6 ounces Strong Tonic, original
2 ounces Punt e Mes
16 dashes Angostura bitters, regular or orange
Sherry, like Harvey’s Bristol Cream
Amarena Cherries and syrup

Have glasses in your freezer before you begin.

In a shaker, combine the whisky, tonic syrup, punt e mes and the bitters. Add some ice cubes and give the mixture a few serious swirls.

Pour a 1/2 teaspoon of sherry into each of two chilled glasses and give it a twirl; dump out excess into sink or mouth.

Strain the ice and pour the Manhattan into the glasses.

Add one or two cherries to each cocktail. I also add just a bit of syrup for fun. No one has complained yet.

I was very Martha Stewarty and placed the amarena cherries on pine sticks.

When you make a pitcher of Manhattans, you don’t really have to add ice because the pitcher can chill in the refrigerator for a couple of hours. But if you feel the drink is too strong, add a few small ice cubes.

I so wish I could drink whisky.

 

 

Salmon Brandade

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This recipe comes from the 2018-published cookbook entitled Everyday Dorie, by Dorie Greenspan. I bought it recently after seeing quite a few bloggers share some of this book’s recipes on Instagram.

Personally, I’ve never gotten to “know” Ms. Greenspan. It’s probably because I first learned about her when the book, Baking with Julia, was published. Ms. Greenspan and Julia Childs were co-authors.

Well, I won’t bake with Julia, or anyone else, so I kind of ignored Dorie Greenspan and her award-wining books over the years, until now.

The book? Fairly straight forward, simple food. Her goal with the cookbook is to “turn out food that’s comforting, satisfying, inviting and so often surprising. I love when there’s something unexpected in a dish, especially when it’s in a dish we think we know well.

So, she added Dijon mustard to gougeres, to carrot and mustard rillettes, to honey-mustard salmon rillettes, and to a tomato tart with mustard and ricotta. And that’s just the appetizer chapter. I wasn’t really impressed with her “surprises,” but the photos of the food are really pretty.

I chose to make Ms. Greenspan’s salmon brandade, because I love traditional brandade, made with salt cod. If you’re interested HERE is a Jacques Pepin recipe for it.

According to Dorie Greenspan, “This brandade celebrates everything that’s warm and comforting about the original while adding a touch of luxe – it’s brandade for dinner parties. Serve with a salad and white wine. Maybe even Champagne.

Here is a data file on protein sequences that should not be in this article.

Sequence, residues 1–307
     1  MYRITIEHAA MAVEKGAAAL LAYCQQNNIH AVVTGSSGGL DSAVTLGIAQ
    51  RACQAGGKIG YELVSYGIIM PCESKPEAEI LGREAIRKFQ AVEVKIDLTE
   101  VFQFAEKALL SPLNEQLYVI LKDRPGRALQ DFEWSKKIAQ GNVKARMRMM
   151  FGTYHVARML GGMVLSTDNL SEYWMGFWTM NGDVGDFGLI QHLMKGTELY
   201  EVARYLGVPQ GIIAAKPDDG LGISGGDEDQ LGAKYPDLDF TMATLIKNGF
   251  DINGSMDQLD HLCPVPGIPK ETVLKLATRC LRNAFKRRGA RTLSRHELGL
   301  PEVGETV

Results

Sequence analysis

The dish isn’t gorgeous, but it’s perfect comfort food, especially served during cold months. And for pescatarians.

It’s basically a salmon shepherd’s pie!

Salmon Brandade
Makes 6-8 servings

1 1/2 cups whole milk
1/2 pound smoked salmon, or lox
2 – 2 1/4 pounds Yukon Gold potatoes, peeled, cut into medium chunks
Kosher salt
3 tablespoons unsalted butter, cut into 6 pieces, plus 1/2 tablespoon butter
Fine sea salt and freshly ground pepper
1 1/2 tablespoons olive oil
1 large onion, finely chopped, rinsed, and patted dry
2 garlic cloves, germ removed, minced
6 – 8 ounces skinless salmon fillet, cut into small cubes
1/4 cup white wine or dry vermouth
2 – 3 tablespoons minced mixed fresh herbs, such as dill, chives, parsley, and/or tarragon
Plain dry bread crumbs, for finishing

Bring the milk just to a boil in a medium saucepan. Stir in half of the smoked salmon, turn off the heat and let steep while you make the potatoes.

Put the potatoes in a tall pot, cover generously with cold water, salt the water and bring to a boil. Cook the potatoes until they’re so tender that you can easily crush them against the side of the pot with a fork, 15 – 20 minutes. Drain well.

The potatoes must be mashed, a job best done with a food mill or ricer, which produces fluffier potatoes. Mash them in a large bowl, and then, using a spatula, stir in the salmon-milk mixture, followed by the 6 pieces of butter.. The potatoes will be softer and looser than you might be used to. Season with sea salt and pepper.

Center a rack in the oven and preheat it to 350 degrees F. Butter a 9″ pie plate and place it on a baking sheet lined with parchment paper. I used a small baking pan and two ramekins.

Warm the olive oil in a large skillet over medium low heat. Toss in the onion and garlic and cook, stirring until the onion is soft and translucent, about 10 minutes. Season with salt and pepper – go light on the salt – and stir in the cubed fresh salmon.


Increase the heat to medium-high and cook, stirring, for 1-2 minutes. Add the wine or vermouth and cook, stirring, until the wine almost evaporates, then remove the pan from the heat and stir in the herbs and remaining smoked salmon.

Taste for salt and pepper and scrape the mixture into the buttered pan.

Top with the mashed potatoes, spreading them all the way to the edges of the pan. Dot with bits of the cold butter and sprinkle over the bread crumbs.

Bake for about 30 minutes, or until the potatoes are hot all the way through, the juices from the onion and salmon are bubbling, and the top is golden brown. If you want the brandade to have more color, put it under the broiler.

Serve immmediately – the brandade is meant to be so hot that you’ve got to blow on every forkful. See the steam in this photo? Nah, I can’t either, but it was steaming hot.

The two layers are exceptionally good, especially the soft potatoes with the bits of salmon.


But the bread crumbs (I used panko) really add a fun crunch to each bite.

I would consider this recipe excellent, but salt the potatoes!

And, the individual brandade in the ramekins turned out perfectly as well.

If you enjoy the combination of salmon and potatoes, I made a similar but much easier recipe called smoked salmon potato bake, pictured here. (I need to re-do these photos!)